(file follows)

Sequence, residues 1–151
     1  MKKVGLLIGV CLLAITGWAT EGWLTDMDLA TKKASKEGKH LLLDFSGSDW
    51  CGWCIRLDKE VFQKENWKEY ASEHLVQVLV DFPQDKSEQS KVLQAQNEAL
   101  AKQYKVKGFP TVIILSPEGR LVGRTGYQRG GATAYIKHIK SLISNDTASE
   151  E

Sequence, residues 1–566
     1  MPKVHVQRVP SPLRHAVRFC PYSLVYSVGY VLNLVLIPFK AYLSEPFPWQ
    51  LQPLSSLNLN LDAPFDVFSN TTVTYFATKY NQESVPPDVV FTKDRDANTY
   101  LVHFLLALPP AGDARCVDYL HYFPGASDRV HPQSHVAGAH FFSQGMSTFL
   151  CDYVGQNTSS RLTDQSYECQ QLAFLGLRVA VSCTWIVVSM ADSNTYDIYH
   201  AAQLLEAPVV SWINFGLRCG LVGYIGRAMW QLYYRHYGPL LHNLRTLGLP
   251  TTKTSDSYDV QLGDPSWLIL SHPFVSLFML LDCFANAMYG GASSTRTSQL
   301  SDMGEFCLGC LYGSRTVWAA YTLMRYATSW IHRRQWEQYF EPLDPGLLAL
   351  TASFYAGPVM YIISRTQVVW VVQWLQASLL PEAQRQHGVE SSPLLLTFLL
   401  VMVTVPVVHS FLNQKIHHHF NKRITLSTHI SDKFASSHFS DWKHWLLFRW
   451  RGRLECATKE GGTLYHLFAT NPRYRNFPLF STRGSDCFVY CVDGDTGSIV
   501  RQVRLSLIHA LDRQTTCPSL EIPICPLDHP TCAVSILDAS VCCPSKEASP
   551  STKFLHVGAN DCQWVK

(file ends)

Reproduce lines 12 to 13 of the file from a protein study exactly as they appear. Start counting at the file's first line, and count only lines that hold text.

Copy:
   251  TTKTSDSYDV QLGDPSWLIL SHPFVSLFML LDCFANAMYG GASSTRTSQL
   301  SDMGEFCLGC LYGSRTVWAA YTLMRYATSW IHRRQWEQYF EPLDPGLLAL